The Iraqi government has no intention of moving the displaced Yazidis to the Shariya camp.
Waheeda Omer and more than 200,000 Yazidis uprooted by the ISIS massacre have no immediate plans to return to Sinjar. In November of 2020, the governments of Iraq and Kurdistan will announce a “historic” deal to assist the repatriation of around 400,000 Yazidis. The agreement stipulated that regular military soldiers and police officials may only patrol Sinjar. All remaining armed organizations will be removed, including the Kurdish military and Iraqi Armed Forces-affiliated militias. According to a recent US Commission on International Religious Freedom assessment, around 80,000 Yazidis have moved from Iraq to neighboring nations.
In Shariya, just one large generator provides power for the whole camp, and inhabitants must pay for the service. Shireen noted that the summers are exceedingly hot, and the winters are bitterly cold, particularly the most recent one. Yazidi organization documented 82 mass graves in Sinjar after the ISIS onslaught. Since 2014, Islamic State has enslaved nearly 6,000 Yazidis, including more than 2,700 women and children. Numerous families are thought to still reside with the families of deceased ISIS soldiers.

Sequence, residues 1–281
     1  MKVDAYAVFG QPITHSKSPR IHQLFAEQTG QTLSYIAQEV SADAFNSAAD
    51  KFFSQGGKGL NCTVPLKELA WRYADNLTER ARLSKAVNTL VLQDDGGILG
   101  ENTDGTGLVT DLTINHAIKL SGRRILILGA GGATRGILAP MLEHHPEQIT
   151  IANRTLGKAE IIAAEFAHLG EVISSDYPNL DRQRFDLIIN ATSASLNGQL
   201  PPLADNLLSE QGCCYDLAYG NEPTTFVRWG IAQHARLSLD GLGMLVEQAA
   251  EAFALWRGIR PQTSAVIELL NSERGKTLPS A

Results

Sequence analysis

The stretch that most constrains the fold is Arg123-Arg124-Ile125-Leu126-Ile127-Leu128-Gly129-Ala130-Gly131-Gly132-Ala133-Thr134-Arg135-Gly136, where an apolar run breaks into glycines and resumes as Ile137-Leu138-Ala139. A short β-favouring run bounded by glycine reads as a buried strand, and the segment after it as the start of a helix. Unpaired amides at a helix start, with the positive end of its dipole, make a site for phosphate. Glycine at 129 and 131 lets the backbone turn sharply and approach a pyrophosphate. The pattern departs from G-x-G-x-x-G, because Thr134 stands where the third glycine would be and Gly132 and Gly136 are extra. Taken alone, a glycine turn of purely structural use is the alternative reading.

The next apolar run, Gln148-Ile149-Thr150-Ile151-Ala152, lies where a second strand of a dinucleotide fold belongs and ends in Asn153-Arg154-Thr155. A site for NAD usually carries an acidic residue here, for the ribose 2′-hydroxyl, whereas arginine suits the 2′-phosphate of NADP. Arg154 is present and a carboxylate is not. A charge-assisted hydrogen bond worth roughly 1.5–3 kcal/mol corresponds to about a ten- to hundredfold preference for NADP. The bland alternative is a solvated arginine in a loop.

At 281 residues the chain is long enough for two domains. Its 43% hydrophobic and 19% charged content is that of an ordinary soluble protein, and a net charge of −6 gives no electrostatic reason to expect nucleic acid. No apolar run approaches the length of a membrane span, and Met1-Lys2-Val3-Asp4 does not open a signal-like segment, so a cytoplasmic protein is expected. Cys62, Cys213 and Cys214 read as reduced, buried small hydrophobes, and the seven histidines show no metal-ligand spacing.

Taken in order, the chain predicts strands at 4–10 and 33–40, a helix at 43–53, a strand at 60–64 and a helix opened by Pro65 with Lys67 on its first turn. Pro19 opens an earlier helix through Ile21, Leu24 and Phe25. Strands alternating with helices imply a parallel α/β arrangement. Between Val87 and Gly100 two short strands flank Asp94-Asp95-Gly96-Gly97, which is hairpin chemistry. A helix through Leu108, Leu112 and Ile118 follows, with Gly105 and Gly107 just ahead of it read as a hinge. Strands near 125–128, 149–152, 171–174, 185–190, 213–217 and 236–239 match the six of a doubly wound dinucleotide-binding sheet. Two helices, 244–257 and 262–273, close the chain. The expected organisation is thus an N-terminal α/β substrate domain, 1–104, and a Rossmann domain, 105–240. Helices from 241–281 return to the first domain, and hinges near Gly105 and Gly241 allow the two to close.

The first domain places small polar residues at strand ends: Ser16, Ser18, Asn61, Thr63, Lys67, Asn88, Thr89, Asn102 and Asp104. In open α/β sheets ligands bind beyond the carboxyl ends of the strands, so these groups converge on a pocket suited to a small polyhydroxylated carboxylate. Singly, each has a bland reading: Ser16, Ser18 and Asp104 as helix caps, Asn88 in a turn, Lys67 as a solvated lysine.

Some relatives are in contact with missing survivors who have contacted their captors. Yazidis are starting to doubt attempts to hunt returning Islamic State (ISIS) militants in their home countries. The Yazidis are dissatisfied with the judicial proceedings in Iraq and Syria, where legal system flaws shelter ISIS members from full punishment. Prodeau said that one approach would be to develop a bill to establish a special court that would exclusively prosecute offenses perpetrated by ISIS.